Relying on BMW of N. Am. v. Gore, 517 U.S. 559, 116 S.Ct. 1589, 134 L.Ed.2d 809 (1996), Dillard's asserts that the punitive damages award of $1,100,000 violated the due process clause of the United States Constitution. In Gore, the Supreme Court struck down a punitive damages award of $2,000,000 where plaintiff's purely economic injuries were $4,000. The Supreme Court found that the punitive damages award, which had been reduced from $4,000,000 on appeal to the Alabama Supreme Court, violated the Fourteenth Amendment substantive due process clause. In this case, in federal court, Dillard's claim is a Fifth Amendment substantive due process challenge. The Court need not address how the fact that this is a Fifth Amendment rather than a Fourteenth Amendment claim might affect the analysis, because this case is distinguishable from Gore on many fronts.

Federal courts have suggested that the Fifth Amendment due process protection would apply "equally to the review of punitive damages awarded in federal court." Lee v. Edwards, 101 F.3d at 809 n. 2 (2d Cir. 1996).

In Continental Trend Resources v. OXY, Inc., 101 F.3d 634 (10th Cir. 1996), on remand in light of Gore, the Tenth Circuit reduced from $30,000,000 to $6,000,000 a punitive damages award for tortious interference with contract and prospective business advantage. In that case the jury had awarded $269,000 in actual damages. In that context the Tenth Circuit interpreted Gore as follows.

First, the punitive damage award must relate to conduct occurring within the state. Continental Trend, 101 F.3d at 636-37. This factor does not weigh in favor of remittitur because this is a federal case. Cf. Gore, 116 S.Ct. at 1604 (state jury increased punitive damage award based on conduct outside state, which conduct was legal where it occurred; award thus infringed on policy choices of other states).

Even if the jury considered conduct outside the state, in this federal civil rights case that would not be objectionable. See Deters v. Equifax Credit Info. Servs., Inc., 981 F. Supp. 1381, 1389 (D.Kan. 1997) (the federalism concerns expressed in Gore have no bearing on the analysis in a purely federal case).

Second, defendant must receive "fair notice . . . of the conduct that will subject [defendant] to punishment." Continental Trend, 101 F.3d at 638 (quoting Gore, 116 S.Ct. at 1598.) "[S]ection 1981 . . . has always authorized the recovery of compensatory and punitive damages." Carter v. Sedgwick County, 36 F.3d 952, 955 (10th Cir. 1994). Thus this factor does not weigh in favor of a remittitur.

Third, defendant must receive "fair notice . . . of the severity of the penalty" that may be imposed. 116 S.Ct. at 1598. The Supreme Court set out three "guideposts" for this requirement: "(1) the degree of reprehensibility of the defendant's conduct, (2) the ratio of the punitive award to the actual harm inflicted on plaintiff, and (3) the comparison between the punitive award and the civil or criminal penalties that could be imposed for comparable misconduct." Continental Trend, 101 F.3d at 638; Gore, 116 S.Ct. at 1598-1603. In this case, the degree of reprehensibility is assuredly higher than defendant's conduct in Gore (repainting a car before selling it). See McKnight v. Circuit City Stores, Inc., 1997 WL 328638, at *7 (E.D.Va. March 12, 1997). The ratio of punitive damages to harm inflicted (about 20 to 1) may be high but as the Supreme Court noted, "low awards of compensatory damages may properly support a higher ratio than high compensatory awards, if, for example, a particularly egregious act has resulted in only a small amount of economic damages. A higher ratio may also be justified in cases in which the injury is hard to detect or the monetary value of noneconomic harm might have been difficult to determine." 101 F.3d at 639, quoting Gore, 116 S.Ct. at 1602. Both examples apply in this case. Also, the 20 to 1 ratio here does not in itself violate due process. See, e.g., Deters v. Equifax Info. Servs., 981 F. Supp. 1381 (D.Kan. 1997) (hostile environment sexual harassment; jury awarded $5,000 in compensatory and $1,000,000 in punitives; court amended judgment for punitives to bring total damages within statutory cap and found $295,000 punitives did not violate substantive due process);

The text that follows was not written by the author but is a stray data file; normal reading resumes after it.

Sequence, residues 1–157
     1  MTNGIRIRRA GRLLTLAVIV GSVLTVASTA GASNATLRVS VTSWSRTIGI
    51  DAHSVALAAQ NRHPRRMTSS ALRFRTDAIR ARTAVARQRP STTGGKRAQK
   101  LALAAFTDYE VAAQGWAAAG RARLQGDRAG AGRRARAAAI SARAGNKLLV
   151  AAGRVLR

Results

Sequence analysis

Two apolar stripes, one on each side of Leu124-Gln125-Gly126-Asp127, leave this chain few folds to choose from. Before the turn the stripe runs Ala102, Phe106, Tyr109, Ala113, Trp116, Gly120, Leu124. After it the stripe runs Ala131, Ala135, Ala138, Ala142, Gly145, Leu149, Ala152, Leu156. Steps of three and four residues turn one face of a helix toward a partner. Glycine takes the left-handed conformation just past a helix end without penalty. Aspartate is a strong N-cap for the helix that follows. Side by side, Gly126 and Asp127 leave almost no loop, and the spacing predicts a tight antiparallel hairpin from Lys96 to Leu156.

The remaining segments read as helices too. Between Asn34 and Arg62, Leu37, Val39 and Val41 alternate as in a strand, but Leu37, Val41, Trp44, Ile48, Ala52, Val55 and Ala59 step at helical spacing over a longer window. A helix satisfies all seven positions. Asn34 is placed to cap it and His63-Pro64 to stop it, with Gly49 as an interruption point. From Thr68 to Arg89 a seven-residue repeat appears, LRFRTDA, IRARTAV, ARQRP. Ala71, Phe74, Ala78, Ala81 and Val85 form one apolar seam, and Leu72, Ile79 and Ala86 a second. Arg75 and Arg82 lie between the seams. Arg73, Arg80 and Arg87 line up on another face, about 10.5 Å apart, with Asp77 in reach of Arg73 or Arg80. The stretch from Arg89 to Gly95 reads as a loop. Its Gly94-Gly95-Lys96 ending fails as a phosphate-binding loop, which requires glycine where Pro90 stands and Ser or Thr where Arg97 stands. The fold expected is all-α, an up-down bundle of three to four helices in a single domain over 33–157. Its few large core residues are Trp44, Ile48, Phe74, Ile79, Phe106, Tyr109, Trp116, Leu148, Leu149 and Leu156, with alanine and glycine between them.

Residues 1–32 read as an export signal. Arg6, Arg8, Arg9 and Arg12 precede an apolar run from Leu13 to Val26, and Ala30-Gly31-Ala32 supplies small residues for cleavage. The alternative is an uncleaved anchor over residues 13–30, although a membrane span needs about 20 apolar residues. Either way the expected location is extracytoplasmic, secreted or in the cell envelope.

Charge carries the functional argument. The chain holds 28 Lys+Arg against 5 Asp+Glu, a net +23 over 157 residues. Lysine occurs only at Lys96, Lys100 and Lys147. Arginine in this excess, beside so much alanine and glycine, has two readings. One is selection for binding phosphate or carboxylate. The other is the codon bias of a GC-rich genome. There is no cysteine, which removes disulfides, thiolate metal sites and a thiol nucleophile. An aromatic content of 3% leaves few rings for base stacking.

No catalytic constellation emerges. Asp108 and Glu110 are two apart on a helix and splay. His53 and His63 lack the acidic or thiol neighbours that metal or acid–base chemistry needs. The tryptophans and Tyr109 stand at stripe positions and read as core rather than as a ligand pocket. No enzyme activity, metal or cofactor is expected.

Additionally, the Tenth Circuit has noted that a substantial punitive award may be required to "influence the behavior of a prosperous corporation." Continental Trend, 101 F.3d at 641. The Court acknowledges the Supreme Court's note that caution must be exercised in considering the size of a defendant, but adds that to a large degree that caution is based upon a concern that state courts not unduly burden interstate commerce. See Continental Trend, 101 F.3d at 641, citing Gore, 116 S.Ct. at 1604. Such a concern is not relevant to a federal civil rights case such as this.

Finally, this case is different from cases like Gore and Continental Trend, which ordered remittiturs in cases involving "mere economic damages." Deters, 981 F. Supp. at 1391 (citing Federal Deposit Insurance Corporation v. Hamilton, 122 F.3d 854, 861-62 (10th Cir. 1997); Continental Trend, 101 F.3d at 638; Gore, 116 S.Ct. at 1599.) Rather, it involves personal injury and emotional damages. The punitive damage award in this case, though large, is not unjustly so. It does not violate substantive due process. Dillard's motion for a remittitur on this basis is denied.

IT IS THEREFORE ORDERED that Dillard's Motion for Judgment As A Matter of Law, Or Alternately For A New Trial Or Remittitur, (Doc. # 150) filed December 19, 1997 be and hereby is OVERRULED.


Summaries of

Hampton v. Dillard Dept. Stores, Inc.

United States District Court, D. Kansas
Aug 27, 1998
18 F. Supp. 2d 1256 (D. Kan. 1998)

In Hampton v. Dillard Department Stores, Inc., 18 F. Supp.2d 1256 (D.Kan. 1998), an African-American store patron was detained on suspicion of shoplifting by the store's security officer, who thereby interfered with her ability to exercise her contractual right to redeem a coupon for a free perfume sample.

Summary of this case from Bentley v. United Refining Co. of Pennsylvania

In Hampton, an African-American woman, Paula Hampton, and her niece were put under surveillance when they entered a department store.

Summary of this case from Brown v. Philip Morris, Inc.
Case details for

Hampton v. Dillard Dept. Stores, Inc.

Case Details

Full title:Paula Darlene HAMPTON, Plaintiff, v. DILLARD DEPARTMENT STORES, INC.…

Court:United States District Court, D. Kansas

Date published: Aug 27, 1998

Citations

18 F. Supp. 2d 1256 (D. Kan. 1998)